Punt Returns: This was the worst unit on the team, averaging only 4.5 yards per return, with numerous balls dropped on the ground. I don’t think the starting return man job has been settled yet, but front runners are senior Demond Washington and junior Quindarious Carr. Carr handled the punts on A-day, and fielded them cleanly, albeit not under live conditions. Carr also fielded one near the goal line, which indicates that there’s still work to be done. Washington may be the best option here, but not if he plays most snaps at corner, and returns kickoffs. Blocking on punt returns needs to take a big step up also.
Kick Returns: Auburn was pretty decent returning kicks last season, and all three return men who returned 10 kicks or more return. Demond Washington, Mario Fannin, and Onterrio McCalebb all averaged over 20 yards per return, and Washington went yard on Georgia. Incoming 5-star receiver Trovon Reed could see action here as well.
Kickoffs: This was a weak unit in 2009, and looks to improve in coverage at least, in 2010. The Tigers gave up 23.5 yards per return in 2009, and averaged kicking the ball only to the 8 yard line. Senior Wes Byrum is the heir-apparent kickoff man, and his A-Day kickoffs averaged about the 8 yard line. Incoming freshman Cody Parkey should get a look kicking off this fall. The Tigers could use some touchbacks!
Placekicking: Wes Byrum returns for his senior season with 3 years of SEC kicking experience. Byrum hit 14 of 15 field goals last fall, and all of his extra points. For his career, Byrum has hit 42 of 57 field goal attempts, for a 73.6 percent. If Byrum maintains that percentage, he’ll finish 4th in all-time Auburn kicker accuracy.
Offensive Line: Among the starters at least, this is the strength of the team, and possibly the best offensive line in the conference. The Tigers return 4 veteran senior starters in tackle Lee Ziemba, guards Mike Berry and Byron Issom, and center Ryan Pugh. Ziemba and Pugh were all-SEC last year. At the right tackle spot, a pair of JUCO transfers have stepped up. Brandon Moseley is slightly ahead of Roszell Gayden coming out of spring. Gayden missed time with injuries. Guard Mike Berry is also trying to shake off the nagging injury bug. Auburn has more bodies here than a year ago, but quality depth may yet be a concern. Senior Bart Eddins and sophomore John Sullen have starting experience, but aren’t necessarily ready for prime time. Eddins is fighting injury, and Sullen struggled against the starting D-line on A-Day. Other reserves that could see playing time include senior Jorell Bostrum, junior Jared Cooper and A. J. Greene, and redshirt freshman Andre Harris.
Tight End/H-Back: Coming out of spring drills, this is the most mysterious position on the team. Last fall, there were two distinct units, but so far this year, it looks mostly like one position. The clear front runner for starts looks like junior Eric Smith, who can do it all, running, blocking and catching the football. Behind Smith are sophomore Phillip Lutzenchirchen and redshirt freshman Robert Cooper. Both reserves are coming on nicely, and should be ready by fall. Also seeing time at H-back this spring was redshirt freshman running back Dontae Aycock.
Wide Receiver: This is one of the deepest positions on the team. While junior Darvin Adams and senior Terrell Zachary are entrenched as starters, at least a half dozen others have made some noise this spring. Quindarious Carr had a break-out A-Day with 150 yards. Carr was fast and elusive on A-Day, and his route-running and hands look vastly improved. Sophomores Emory Blake, DeAngelo Benton, and juniors Ralph Spry, and Jay Wisner were solid this spring as well. Senior Kodi Burns is still in the mix. Sophomore Phillip Pierre-Louis was having a great spring, till a knee injury took him out. No word on how serious that was. Incoming 5-star signee Trovon Reed should play, but it will be tough finding a niche in this receiving corps.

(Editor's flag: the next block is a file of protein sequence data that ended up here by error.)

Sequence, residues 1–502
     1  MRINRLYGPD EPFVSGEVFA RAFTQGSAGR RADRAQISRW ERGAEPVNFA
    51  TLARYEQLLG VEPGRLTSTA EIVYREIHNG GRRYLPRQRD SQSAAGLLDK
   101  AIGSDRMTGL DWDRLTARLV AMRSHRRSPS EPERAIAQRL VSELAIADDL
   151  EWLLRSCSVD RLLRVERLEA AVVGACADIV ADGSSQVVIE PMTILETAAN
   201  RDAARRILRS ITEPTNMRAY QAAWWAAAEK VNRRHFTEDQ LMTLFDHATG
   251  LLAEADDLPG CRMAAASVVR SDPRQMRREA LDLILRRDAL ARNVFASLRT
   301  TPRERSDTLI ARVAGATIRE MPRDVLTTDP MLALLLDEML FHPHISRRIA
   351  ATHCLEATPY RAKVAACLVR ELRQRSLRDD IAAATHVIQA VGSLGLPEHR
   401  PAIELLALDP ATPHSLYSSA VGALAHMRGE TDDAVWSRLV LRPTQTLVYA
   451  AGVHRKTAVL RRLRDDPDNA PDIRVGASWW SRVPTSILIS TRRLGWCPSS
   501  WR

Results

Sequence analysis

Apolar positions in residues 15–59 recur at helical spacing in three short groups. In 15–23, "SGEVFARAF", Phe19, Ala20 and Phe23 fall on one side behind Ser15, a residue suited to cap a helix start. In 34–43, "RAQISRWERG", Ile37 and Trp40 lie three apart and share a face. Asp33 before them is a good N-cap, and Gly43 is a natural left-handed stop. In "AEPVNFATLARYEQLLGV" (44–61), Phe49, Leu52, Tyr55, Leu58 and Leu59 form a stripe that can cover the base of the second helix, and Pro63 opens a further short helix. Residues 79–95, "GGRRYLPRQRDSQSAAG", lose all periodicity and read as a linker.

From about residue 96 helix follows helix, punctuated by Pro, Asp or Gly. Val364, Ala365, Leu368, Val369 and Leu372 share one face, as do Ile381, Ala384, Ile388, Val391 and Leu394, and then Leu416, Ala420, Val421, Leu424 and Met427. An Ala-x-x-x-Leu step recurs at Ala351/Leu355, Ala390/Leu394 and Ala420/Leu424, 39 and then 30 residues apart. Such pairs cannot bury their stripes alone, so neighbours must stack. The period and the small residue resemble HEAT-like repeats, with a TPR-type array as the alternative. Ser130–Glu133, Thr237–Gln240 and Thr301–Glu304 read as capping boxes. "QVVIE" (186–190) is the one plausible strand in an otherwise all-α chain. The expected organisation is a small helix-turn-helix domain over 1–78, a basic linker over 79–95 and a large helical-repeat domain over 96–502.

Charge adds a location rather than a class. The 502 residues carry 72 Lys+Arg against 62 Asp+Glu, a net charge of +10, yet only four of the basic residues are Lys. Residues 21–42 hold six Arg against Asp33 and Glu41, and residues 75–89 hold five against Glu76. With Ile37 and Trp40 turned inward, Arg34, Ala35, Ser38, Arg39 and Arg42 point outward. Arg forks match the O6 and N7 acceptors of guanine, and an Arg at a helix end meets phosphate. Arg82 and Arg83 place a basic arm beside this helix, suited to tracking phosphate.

Running Back: 5th year senior Mario Fannin is the man at tailback coming out of spring. Questions about his durability and ball-security seem to have been answered. He endured a heavy workload and didn’t put the ball on the ground all spring. Fannin is a powerful runner with good vision and great speed. If he stays healthy, he will rack up a lot of yards! Spelling Fannin may be sophomore Onterrio McCalebb. McCalebb was electric early last fall, but an ankle injury limited him thereafter. This spring, he had put on a few pounds of muscle, but looked a step slower. Dontae Aycock worked a dual role at H-back and tailback, and has some skill. Auburn also signed 5-star runner Michael Dyer, who could have an immediate impact.
Quarterback: What a difference a year makes! At this time last year, quarterback was the shakiest position on the team. After spring of 2010, it appears that Auburn actually has 4 quarterbacks that can win in the SEC! A-Day featured crisp exchanges, good ball movement, accurate (for the most part) throws, and nothing thrown up for grabs. It was easily the best overall spring quarterback performance in memory. JUCO transfer and former Florida quarterback Cameron Newton was named the starter. We didn’t see much of him in the spring game, but he’s likely going to be a nightmare to defend. Even if Newton goes down, senior Neil Caudle and sophomore Barrett Trotter look quite capable of running this offense, both throwing and running. Redshirt freshman Clint Mosely has conceded that he’s probably behind the other 3 guys, but even he looked impressive on A-Day.
This fall, Auburn will be dangerous. Opponents will face a team that rips off chunks of yardage from a variety of positions, and a more aggressive defense that will force turnovers. To stay with the Tigers, foes will have to focus on ball control and eliminating turnovers. Even a few three and outs could be disastrous, as the Tigers have really focused on the uptempo offense in practices. When it’s working correctly, the Gus Malzhan offense tends to leave defenses gasping for air late in the halves of games.
Looking at the 2010 schedule, the most dangerous opponents are Clemson, Arkansas, LSU, Georgia, and Alabama. Auburn has all of those games except Alabama in the friendly confines of Jordan Hare Stadium. The Tigers play Alabama in Tuscaloosa, where Auburn is 6-1 all time. 2010 is shaping up as a good year for the Tigers!